Part of the email from my friend:

In my work, we do talk about chronic pain and illness in relation to suicide, but we haven’t done a thorough job of examining the issue, I believe because we’re not sure the best approach to take…. I’d love to talk with you about ideas/approaches for addressing this issue and possible interventions/programs. Or, if you know of folks you think would be good to talk with – people living with chronic conditions, health care providers, etc. who I should talk with, please let me know.


My invisible chronic illness is never really invisible

September 24, 2012

I have multiple chronic illnesses, and technically they’re all “invisible” chronic illnesses, but to me they always feel visible.

Ok, I admit that a stranger might not notice anything at first glance, but someone who knows me well should see the signs.  I feel like they’re incredibly obvious.  I don’t use a cane or a wheelchair or any other aide, but the signs still scream out.  Sometimes it’s a tiny limp, or a grimace when something hurts.  My face could be flushed or pale.  It could be the way I lay my hands in my lap, palm up with the fingers curled, in a very unnatural way, but the only way that won’t cause excruciating pain.  There’s the way I might be sitting in a chair, and when I cross my legs I have to use my hands to pick up one leg and move it over the other.  How could people miss these signs?

And then, when all else fails, there’s always my eyes.  I admit, some days are worse than others.  Some days my eyes might not betray anything, or maybe there will only be a hint.  But then there are the other days….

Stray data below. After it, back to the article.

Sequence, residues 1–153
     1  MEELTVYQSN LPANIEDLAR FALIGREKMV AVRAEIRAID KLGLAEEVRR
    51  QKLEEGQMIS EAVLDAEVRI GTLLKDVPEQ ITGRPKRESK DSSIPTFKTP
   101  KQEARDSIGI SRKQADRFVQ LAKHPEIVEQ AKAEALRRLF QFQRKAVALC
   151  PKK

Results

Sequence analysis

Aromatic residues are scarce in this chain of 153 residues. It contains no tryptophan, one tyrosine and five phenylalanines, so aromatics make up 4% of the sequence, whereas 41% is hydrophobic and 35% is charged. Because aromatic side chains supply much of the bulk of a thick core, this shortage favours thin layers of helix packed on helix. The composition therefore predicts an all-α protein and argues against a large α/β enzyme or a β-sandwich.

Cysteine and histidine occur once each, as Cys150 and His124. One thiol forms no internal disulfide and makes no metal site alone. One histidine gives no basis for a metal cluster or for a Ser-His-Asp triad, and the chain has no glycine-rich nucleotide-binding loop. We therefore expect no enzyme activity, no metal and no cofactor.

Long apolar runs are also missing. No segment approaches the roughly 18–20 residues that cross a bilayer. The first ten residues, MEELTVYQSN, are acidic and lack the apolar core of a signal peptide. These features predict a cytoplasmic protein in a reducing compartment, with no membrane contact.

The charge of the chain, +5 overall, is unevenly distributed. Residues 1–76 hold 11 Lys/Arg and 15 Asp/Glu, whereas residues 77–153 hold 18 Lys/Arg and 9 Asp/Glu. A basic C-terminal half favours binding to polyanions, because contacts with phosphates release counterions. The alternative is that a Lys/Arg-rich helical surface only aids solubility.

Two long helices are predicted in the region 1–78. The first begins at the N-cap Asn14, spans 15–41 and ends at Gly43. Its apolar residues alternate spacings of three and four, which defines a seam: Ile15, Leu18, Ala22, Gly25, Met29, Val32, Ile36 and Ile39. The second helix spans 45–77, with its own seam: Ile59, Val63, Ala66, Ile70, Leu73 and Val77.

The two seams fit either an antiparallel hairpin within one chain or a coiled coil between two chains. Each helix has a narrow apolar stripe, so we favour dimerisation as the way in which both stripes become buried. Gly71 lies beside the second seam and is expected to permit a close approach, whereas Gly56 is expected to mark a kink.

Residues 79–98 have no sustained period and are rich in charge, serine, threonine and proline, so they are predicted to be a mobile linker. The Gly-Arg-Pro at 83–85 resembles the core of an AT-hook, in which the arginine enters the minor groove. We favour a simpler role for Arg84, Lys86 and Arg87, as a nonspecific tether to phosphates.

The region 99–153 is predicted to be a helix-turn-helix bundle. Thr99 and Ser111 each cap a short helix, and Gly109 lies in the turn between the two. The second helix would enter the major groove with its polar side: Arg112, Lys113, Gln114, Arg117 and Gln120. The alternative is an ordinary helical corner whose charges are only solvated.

Yesterday was exhausting.  It was stressful and happy, fun and tiring.  By the end, though, I was fatigued and every muscle hurt – I’d overdone it.  If I had thought about it, I would have expected to look bad, but why would I think about it?  It never crossed my mind until I was getting ready for bed.  I went into the bathroom, stood in front of the sink to brush my teeth, and did a double-take when I looked in the mirror.  I looked that bad.  My skin was burned and dry, my shoulders were hunched and sagging at the same time somehow, my hair was sticking out in all directions.  But my eyes.  My eyes showed it all.

My eyes were sad.  They were a bit puffy and swollen, so they weren’t open all the way.  One was less open than the other, which doesn’t happen unless I feel this bad.  The lids were extra wrinkled.  They were glassy.  They were just wrong.

Logically I understand how these “little” things can be overlooked by someone who is not watching for them.  I get that.  And at the same time, I feel like my body is shouting out the signs: LOOK HERE!  SHE’S REALLY SICK!  IT’S NOT INVISIBLE AT ALL!  But then, it’s never truly invisible to someone who’s really looking, is it?


Saturday night slump

September 22, 2012

It’s Saturday night and I’m the pathetic “friend” checking status updates on Facebook.  It’s 9pm on a Saturday and I’m at my computer.  I have plans.  Well, I had plans.  There’s a huge, once-a-year event that I love, and this year, for the first time, it’s just a short walk from my apartment!  I really want to go.  But I’m so tired.  And I have to be up early tomorrow.  But I want to go.  But I have to be up early tomorrow.  And I’m tired.  But it’s only once a year.

Sound familiar?  I’m sure most of you have experienced this.  I’ve certainly written about it before.  And a bit more recently, too.  And it still sucks.  I don’t expect to go out every night.  I don’t even expect to go out every Saturday night.  I just want to go out tonight.  I guess that’s asking too much.